Associations between green space, air pollution and birthweight in Sydney Metropolitan Area, Australia

Publication Name

Urban Forestry and Urban Greening


Growing number of evidence have reported that exposure to air pollution was associated with unfavourable birth outcomes while increased exposure to green spaces was associated with better birth outcomes. However, the effect of interactions between air pollution and green spaces on pregnancy outcomes remain unclear. Using the data on all the live births recorded in Sydney between 2016 January and 2017 December, we built up multilevel linear and logistic regression models with random intercepts for statistical area level 2 (SA2) to examine the association between residential levels of air pollution (NO2, PM2.5, SO2 and O3) and pregnancy outcomes including birthweight, low birthweight, and preterm birth. This was followed by assessment of potential effect modification by green space quantity by fitting 2-way interaction term between each air pollutants and green space quantity separately. Furthermore, building on the 2-way interaction term, we explored 3-way interactions by adding area level socio-economic status and population density. Higher levels of PM2.5, NO2 and SO2 were statistically significantly associated with decrease in birthweights (p < 0.05) in the adjusted models. We observed statistically significantly association between the lower risks of preterm birth and higher levels of NO2 in the adjusted models (p < 0.05). However, none of the other air pollutants were statistically significantly associated with the odds of low birthweight and preterm birth. In the adjusted models, green space quantity was statistically significantly associated with reduced odds of preterm birth (p < 0.05). The results for birthweights were in the same direction (p < 0.05) however, some of these associations did not remain statistically significant after adjusting the models for air pollution. In general, no associations were found for low birthweight. Statistically significant 2-way interactions between green space quantity and NO2, PM2.5 and SO2 levels indicated that association between moderate levels of NO2, PM2.5 and birthweight weakened in the greener areas (>20 %) especially in the affluent and densely populated areas while the effect of SO2 did not differ consistently across green space levels with benefit of exposure to the greenest areas (>40 %) was evident, yet not statistically significant. Our findings suggest that increasing green spaces in cities may help supporting a healthy start in life by decreasing harms of moderate levels of air pollution. Replication in different contexts and consideration of potentially contrasting results with different types of green space is warranted.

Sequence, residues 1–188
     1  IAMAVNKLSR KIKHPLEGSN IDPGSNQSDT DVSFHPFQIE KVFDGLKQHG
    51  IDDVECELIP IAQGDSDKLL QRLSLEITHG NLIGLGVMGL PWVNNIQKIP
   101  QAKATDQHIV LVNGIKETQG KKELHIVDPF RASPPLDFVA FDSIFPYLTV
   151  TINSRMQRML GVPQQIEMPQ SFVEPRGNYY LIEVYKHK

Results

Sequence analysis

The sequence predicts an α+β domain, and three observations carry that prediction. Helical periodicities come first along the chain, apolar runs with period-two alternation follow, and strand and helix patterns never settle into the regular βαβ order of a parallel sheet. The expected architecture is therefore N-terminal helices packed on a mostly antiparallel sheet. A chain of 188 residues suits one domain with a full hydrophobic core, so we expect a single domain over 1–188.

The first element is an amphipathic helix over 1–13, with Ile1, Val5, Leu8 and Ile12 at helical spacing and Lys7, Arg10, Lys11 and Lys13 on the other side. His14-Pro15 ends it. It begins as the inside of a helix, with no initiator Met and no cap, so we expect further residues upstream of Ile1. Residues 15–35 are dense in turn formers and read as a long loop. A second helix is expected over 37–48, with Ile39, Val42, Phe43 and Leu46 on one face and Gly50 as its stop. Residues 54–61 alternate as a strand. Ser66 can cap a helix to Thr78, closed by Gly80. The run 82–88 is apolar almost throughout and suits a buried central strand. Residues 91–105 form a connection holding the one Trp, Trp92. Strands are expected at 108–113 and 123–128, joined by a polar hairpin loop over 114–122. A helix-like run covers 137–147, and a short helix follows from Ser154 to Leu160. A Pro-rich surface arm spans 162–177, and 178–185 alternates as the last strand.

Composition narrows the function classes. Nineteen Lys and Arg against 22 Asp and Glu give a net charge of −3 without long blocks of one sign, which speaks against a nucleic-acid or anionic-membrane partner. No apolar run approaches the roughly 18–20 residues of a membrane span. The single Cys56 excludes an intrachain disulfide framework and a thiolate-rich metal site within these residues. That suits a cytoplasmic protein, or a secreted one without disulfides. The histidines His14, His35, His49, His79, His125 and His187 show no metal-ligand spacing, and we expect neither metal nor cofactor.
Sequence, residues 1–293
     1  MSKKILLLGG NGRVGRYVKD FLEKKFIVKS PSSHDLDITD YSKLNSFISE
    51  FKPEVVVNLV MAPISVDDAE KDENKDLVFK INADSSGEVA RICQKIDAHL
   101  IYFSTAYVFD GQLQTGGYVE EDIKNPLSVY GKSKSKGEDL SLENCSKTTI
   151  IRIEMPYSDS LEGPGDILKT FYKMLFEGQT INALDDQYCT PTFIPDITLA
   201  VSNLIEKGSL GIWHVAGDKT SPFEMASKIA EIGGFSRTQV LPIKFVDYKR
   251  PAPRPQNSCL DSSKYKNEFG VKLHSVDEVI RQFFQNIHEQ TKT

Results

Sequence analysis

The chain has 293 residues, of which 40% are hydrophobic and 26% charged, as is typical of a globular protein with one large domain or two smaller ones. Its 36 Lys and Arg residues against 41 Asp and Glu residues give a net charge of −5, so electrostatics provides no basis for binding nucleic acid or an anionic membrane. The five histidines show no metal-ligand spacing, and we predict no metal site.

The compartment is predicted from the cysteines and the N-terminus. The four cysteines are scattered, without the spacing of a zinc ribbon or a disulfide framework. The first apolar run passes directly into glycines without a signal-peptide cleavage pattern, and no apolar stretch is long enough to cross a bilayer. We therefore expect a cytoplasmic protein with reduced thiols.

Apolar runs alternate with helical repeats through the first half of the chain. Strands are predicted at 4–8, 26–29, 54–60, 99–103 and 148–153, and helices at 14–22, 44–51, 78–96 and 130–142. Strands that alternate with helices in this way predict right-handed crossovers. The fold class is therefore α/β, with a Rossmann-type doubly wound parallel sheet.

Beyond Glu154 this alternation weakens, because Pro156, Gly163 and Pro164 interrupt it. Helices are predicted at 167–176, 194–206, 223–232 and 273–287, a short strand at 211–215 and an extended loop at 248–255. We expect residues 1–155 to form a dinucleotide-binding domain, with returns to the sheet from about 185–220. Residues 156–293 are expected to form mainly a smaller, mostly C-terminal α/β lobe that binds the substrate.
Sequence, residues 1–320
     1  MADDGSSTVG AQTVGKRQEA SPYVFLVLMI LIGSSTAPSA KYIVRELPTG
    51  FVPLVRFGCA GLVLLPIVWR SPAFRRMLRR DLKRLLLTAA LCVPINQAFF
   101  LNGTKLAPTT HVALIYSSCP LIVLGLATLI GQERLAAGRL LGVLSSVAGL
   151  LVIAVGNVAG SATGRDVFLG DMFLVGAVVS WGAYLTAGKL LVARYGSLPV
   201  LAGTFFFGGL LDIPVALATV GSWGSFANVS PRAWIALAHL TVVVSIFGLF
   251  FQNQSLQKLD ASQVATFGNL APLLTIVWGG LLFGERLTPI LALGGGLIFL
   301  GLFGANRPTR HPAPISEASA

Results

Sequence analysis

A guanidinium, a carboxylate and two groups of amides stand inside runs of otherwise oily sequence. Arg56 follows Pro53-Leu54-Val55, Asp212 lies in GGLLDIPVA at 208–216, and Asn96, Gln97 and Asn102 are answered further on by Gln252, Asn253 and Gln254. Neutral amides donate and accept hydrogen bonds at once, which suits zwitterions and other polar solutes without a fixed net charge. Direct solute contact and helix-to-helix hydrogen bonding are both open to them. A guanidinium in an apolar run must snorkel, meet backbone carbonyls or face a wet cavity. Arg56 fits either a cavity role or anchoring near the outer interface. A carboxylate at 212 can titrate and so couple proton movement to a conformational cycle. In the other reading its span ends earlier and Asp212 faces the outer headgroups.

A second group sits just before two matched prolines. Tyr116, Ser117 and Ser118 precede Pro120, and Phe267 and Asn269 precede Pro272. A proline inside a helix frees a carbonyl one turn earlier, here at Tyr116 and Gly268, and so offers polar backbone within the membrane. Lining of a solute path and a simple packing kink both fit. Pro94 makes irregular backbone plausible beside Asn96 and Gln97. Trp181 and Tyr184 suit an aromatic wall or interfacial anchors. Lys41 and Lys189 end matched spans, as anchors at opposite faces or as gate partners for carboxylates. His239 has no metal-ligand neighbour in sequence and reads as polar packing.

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National Health and Medical Research Council



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